Various Artists – [Album]

Monday, 14 February 2011

One look at a map of Canada tells the story of just how sorrowful a lot the province of Manitoba has been handed in life. From a national character standpoint, Manitoba is regularly forgotten; it is regularly forced to play straight man for the clowns to the left of it (the prairie provinces and British Columbia) and the jokers to its' right (Ontario, Quebec and The Maritimes) and, were that not enough, the province STILL doesn't get much opportunity to complain because it is south of the territories. To add insult to injury, Manitoba's NHL franchise (the Winnipeg Jets) packed up and moved to Phoenix, the province's CFL football team, the Blue Bombers, hasn't done anything of note in decades (their “glory years” consist of a fourteen-year stretch between 1935 and 1949, during which they went to the Grey Cup ten times but only won three) and, while Neil Young has promised to finally appear at the Juno Awards if the show is ever held in Winnipeg, the organizers have never hosted it there; it's rumored that the Awards will be hosted there in 2011, but all bets on whether Young will show up are off.

Even if Mr. Young forgets his promise, Manitoba has clearly taken matters into its' own hands to show both the rest of the country and the world what kind of stock the province has in its' entertainment reserve. A compilation album simply entitled Manitoba Music featuring twenty of the province's newest, best and brightest artists has been released, and what might surprise listeners is just how large a musical mosaic is featured.

While the bands of other city centers around Canada often carry signature inflections which help to further cement that city's cultural stereotype (lots of music comes out of Toronto, but the common tie that binds all of the bands in that scene is that the music is very polished and urbane; Montreal is diverse, but there is a uniquely francophone bent to the art, Halifax has some phenomenal pop and Vancouver is just a melting pot for everything that has ever landed on its' shores), these twenty songs are a marvelous free-for-all that genuinely expresses diversity rather than just implying it. Here, The Weakerthans rub elbows with the rough and woody edge of Greg MacPherson's scruffy take on folk and rock, Ash Koley's synth pop, the singer-songwriter delicacy of both Ruth Moody and JP Hoe, Wab Kinew's solid but slippery hip hop flow, along with no less than fourteen other sets of songwriting sensibilities that are all perfectly unique of each other. Unlike those aforementioned cities, there are no guiding principles of composition or community here that would imply all of the acts included on Manitoba Music are all from the same geographic region, but they do illustrate that there is a rich music scene brewing in the province that doesn't owe a particular debt to any one sound or style rolling out of any of the other centers. Here, the myriad artists who reside in Manitoba don't need something so pedestrian or narrow as a “scene” to produce interesting music, they simply need the will and interest to do so. The results of that will and interest are genuinely interesting here; there are enough different sounds present that if one song comes up which doesn't really suit a listener's taste, all that listener needs to do is track the album the album forward to try the next and see if that works better for them. It's a very interesting and exciting prospect, and proof positive that, in music, the dark horse should never be overlooked or forgotten.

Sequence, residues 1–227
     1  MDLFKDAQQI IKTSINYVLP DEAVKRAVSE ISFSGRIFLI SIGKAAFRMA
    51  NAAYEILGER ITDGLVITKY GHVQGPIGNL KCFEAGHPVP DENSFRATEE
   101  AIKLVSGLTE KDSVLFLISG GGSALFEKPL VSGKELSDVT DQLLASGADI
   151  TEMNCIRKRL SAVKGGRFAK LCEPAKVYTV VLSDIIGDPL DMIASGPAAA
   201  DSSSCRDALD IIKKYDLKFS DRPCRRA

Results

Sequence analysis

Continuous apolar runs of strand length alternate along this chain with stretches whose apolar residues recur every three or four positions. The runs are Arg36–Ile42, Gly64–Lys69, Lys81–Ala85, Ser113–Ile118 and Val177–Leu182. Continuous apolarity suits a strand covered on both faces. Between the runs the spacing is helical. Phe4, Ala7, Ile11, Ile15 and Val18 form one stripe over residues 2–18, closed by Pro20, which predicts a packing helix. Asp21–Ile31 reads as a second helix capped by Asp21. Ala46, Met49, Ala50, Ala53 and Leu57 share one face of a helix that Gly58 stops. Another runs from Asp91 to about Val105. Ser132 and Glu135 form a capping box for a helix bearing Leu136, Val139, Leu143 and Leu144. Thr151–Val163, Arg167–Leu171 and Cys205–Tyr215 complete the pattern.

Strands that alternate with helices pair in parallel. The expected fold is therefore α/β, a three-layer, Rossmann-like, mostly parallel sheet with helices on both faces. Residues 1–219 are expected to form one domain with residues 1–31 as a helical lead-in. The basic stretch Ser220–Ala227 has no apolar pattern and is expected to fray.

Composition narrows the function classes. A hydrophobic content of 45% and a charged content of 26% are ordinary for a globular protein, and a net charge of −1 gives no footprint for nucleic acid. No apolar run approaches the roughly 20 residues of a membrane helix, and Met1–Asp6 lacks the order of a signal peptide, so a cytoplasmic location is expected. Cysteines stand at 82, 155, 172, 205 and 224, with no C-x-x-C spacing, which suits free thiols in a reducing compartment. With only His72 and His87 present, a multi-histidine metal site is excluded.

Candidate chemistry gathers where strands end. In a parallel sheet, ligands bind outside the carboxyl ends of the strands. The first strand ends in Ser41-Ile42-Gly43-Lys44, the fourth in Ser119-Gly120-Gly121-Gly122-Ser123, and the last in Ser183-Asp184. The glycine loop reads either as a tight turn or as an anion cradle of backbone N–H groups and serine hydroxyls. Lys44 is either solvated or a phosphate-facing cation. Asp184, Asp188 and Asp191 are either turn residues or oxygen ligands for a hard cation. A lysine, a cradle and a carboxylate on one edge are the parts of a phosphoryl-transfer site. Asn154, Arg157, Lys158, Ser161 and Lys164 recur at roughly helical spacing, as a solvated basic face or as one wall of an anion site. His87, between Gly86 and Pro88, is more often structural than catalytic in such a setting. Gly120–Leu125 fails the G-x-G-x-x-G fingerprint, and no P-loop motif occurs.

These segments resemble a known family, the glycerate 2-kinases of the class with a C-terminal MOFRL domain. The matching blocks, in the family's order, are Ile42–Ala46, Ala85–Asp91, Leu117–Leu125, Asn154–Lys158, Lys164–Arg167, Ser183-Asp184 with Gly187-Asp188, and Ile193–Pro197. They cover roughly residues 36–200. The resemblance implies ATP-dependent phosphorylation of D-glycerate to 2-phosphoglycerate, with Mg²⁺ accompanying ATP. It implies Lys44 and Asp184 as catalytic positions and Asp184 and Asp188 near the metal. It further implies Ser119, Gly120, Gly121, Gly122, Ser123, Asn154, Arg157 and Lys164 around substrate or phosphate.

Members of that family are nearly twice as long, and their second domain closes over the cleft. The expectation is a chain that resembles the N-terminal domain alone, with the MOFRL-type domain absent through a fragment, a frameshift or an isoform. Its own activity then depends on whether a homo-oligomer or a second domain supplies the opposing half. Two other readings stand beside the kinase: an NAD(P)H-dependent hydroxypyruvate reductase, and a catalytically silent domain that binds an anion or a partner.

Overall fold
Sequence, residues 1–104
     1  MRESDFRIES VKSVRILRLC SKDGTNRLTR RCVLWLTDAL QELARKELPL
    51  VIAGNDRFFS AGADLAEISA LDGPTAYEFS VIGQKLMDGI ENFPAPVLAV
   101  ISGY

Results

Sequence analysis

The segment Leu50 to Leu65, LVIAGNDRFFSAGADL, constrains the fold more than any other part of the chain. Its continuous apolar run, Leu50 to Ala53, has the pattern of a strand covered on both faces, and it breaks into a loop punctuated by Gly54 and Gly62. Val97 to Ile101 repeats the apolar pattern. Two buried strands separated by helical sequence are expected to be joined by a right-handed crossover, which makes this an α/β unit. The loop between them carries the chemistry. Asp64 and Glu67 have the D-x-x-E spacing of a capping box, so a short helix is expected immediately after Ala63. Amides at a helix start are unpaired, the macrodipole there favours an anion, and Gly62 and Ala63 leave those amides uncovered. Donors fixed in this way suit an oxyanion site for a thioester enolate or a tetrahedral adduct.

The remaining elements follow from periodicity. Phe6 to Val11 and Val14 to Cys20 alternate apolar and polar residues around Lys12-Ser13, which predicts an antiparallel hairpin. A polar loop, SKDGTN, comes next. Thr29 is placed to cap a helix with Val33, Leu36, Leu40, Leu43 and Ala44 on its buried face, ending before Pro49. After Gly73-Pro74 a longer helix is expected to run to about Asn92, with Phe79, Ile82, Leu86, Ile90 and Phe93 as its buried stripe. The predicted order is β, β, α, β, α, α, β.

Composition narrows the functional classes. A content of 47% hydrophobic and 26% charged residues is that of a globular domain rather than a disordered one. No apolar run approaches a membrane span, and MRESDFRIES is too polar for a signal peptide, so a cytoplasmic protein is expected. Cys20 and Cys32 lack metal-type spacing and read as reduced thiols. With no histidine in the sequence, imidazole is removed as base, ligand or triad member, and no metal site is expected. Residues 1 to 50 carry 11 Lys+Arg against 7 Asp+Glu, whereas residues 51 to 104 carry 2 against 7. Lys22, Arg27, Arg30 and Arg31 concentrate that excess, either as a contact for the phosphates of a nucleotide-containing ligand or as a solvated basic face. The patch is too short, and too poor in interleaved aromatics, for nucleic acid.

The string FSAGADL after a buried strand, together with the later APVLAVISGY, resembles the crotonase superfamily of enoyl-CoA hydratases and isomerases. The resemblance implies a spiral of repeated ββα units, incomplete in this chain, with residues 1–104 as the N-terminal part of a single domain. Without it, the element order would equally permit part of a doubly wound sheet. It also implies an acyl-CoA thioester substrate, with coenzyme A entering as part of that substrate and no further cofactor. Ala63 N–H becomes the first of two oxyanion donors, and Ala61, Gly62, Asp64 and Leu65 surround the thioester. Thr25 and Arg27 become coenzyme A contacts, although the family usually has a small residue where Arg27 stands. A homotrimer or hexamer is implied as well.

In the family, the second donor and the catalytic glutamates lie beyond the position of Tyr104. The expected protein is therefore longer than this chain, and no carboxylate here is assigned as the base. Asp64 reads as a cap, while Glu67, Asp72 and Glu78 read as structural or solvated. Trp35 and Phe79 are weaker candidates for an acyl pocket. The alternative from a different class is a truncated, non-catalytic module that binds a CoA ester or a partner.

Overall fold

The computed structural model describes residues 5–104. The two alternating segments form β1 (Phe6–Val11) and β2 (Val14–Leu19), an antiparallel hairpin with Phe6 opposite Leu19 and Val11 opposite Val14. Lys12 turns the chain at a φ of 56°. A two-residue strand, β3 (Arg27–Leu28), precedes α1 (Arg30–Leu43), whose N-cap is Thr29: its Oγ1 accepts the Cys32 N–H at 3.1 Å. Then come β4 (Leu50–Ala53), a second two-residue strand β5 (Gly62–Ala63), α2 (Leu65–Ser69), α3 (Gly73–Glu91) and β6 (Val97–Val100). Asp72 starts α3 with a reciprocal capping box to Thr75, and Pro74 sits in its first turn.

Imaginary Cities – “Hummingbird”

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